Free Yourself from Being a People Pleaser: Understanding the Definition, Signs, and Risks

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Free Yourself from Being a People Pleaser: Understanding the Definition, Signs, and Risks

There may be times when you find yourself saying “yes” while your heart is not present there. Sometimes, you may also go out of your way only to keep someone happy, although you are unsatisfied. If this is the case, you are a people pleaser.

While being a people pleaser can be exhausting and stressful; people do not realize it. Let us explore what pleasing people is, discuss its causes and signs, and learn the risks of this behavior.

Who is a People-Pleaser?

Sometimes, you might not realize it, but you may be a people pleaser. If you need help understanding what that means, keep reading!

People pleasing is when a person prioritizes the needs of others and desires over their own, often to the loss of their well-being.

At its core, pleasing people happens when an individual:

  • Looks for a way of seeking external validation and avoiding uncomfortable emotions.
  • They struggle with setting boundaries and saying no, even when it’s not in their best interest.
  • He finds himself taking on more than they can handle
  • They feel resentful or overwhelmed and struggle to communicate their needs and desires.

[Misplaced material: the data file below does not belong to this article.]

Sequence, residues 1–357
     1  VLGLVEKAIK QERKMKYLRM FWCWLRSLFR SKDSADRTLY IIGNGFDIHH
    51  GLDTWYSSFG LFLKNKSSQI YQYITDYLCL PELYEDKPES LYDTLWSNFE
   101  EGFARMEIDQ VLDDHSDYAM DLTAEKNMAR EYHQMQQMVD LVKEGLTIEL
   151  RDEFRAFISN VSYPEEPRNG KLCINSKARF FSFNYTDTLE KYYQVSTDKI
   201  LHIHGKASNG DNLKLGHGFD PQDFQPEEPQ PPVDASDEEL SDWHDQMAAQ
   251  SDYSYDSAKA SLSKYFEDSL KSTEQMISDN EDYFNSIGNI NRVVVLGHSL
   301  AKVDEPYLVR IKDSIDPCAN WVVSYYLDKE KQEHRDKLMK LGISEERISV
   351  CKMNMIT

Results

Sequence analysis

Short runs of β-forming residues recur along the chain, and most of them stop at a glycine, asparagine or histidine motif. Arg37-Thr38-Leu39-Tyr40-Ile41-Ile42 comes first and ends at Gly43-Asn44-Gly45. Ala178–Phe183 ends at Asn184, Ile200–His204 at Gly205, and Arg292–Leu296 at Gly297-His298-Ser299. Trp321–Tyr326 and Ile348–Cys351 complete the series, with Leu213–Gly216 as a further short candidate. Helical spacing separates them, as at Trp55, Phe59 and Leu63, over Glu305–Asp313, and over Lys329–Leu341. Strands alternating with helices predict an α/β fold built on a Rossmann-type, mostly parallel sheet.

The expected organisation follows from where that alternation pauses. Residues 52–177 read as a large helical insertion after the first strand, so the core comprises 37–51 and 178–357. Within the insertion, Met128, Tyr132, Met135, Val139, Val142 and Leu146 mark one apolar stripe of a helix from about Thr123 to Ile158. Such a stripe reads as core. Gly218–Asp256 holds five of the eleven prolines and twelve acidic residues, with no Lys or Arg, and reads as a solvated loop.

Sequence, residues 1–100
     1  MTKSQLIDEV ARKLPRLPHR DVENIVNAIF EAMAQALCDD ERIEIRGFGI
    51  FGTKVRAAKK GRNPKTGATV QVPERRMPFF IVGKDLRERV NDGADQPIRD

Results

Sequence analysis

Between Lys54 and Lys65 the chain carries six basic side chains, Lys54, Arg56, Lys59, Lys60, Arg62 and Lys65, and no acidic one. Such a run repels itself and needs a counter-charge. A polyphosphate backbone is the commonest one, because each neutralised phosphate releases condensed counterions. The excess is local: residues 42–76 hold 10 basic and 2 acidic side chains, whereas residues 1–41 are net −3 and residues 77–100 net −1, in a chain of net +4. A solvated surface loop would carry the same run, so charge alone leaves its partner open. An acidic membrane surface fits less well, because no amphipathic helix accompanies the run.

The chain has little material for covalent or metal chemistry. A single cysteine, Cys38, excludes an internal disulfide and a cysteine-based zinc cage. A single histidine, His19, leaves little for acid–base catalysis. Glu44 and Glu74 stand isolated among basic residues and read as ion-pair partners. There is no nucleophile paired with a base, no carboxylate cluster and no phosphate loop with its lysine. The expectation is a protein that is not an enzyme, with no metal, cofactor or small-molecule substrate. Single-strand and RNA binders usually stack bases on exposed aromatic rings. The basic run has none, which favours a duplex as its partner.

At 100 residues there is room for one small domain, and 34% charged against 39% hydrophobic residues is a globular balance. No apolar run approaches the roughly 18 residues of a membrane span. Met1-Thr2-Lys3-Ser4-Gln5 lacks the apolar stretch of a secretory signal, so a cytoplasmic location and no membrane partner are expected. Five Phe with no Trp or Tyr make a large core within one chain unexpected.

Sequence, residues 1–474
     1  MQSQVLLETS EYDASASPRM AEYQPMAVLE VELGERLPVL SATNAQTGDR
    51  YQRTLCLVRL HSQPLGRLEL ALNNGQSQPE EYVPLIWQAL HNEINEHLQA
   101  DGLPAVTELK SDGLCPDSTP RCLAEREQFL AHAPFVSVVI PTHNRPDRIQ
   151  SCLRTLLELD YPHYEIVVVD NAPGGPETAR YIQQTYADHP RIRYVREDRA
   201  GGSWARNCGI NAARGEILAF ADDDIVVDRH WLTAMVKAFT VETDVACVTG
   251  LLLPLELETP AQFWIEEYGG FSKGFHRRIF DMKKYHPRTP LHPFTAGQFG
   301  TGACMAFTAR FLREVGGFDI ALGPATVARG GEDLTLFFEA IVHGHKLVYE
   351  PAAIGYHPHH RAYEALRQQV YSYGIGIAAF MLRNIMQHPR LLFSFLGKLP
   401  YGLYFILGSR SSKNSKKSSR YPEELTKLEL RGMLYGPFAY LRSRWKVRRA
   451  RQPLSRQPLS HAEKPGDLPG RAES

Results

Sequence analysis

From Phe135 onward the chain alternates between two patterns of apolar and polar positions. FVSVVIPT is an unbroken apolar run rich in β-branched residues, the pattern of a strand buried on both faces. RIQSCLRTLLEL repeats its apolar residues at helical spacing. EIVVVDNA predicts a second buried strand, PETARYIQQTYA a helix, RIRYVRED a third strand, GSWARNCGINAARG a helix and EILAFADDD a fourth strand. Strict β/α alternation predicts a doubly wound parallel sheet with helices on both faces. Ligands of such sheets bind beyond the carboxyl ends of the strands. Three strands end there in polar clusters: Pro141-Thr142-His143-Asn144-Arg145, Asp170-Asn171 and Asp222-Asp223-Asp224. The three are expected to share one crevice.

While pleasing people can initially seem like a positive trait, who doesn’t want to make others happy? – it can have negative consequences on both mental health and your relationships.

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Free Yourself From Being A People Pleaser: Understanding The Definition, Signs, And Risks

Causes and Triggers of Becoming a People-Pleaser

The most common causes and triggers of people-pleasing behavior are as follows:

Childhood Traumas: Childhood experiences may have rewarded a person for putting others’ needs first or punished them for expressing their desires, leading to people-pleasing behavior.

Low Self-Esteem: People with low self-esteem may feel that their own needs and desires are not as important as those of others, leading them to prioritize others’ needs over their own.

Fear of Rejection: People who struggle with people-pleasing behavior may fear rejection or disapproval from others, leading them to seek validation and approval through their actions constantly.

Social Pressure: Social pressure to conform to others’ expectations can also contribute to people-pleasing behavior. It is especially true when a power imbalance exists, such as in a workplace or a hierarchical social structure.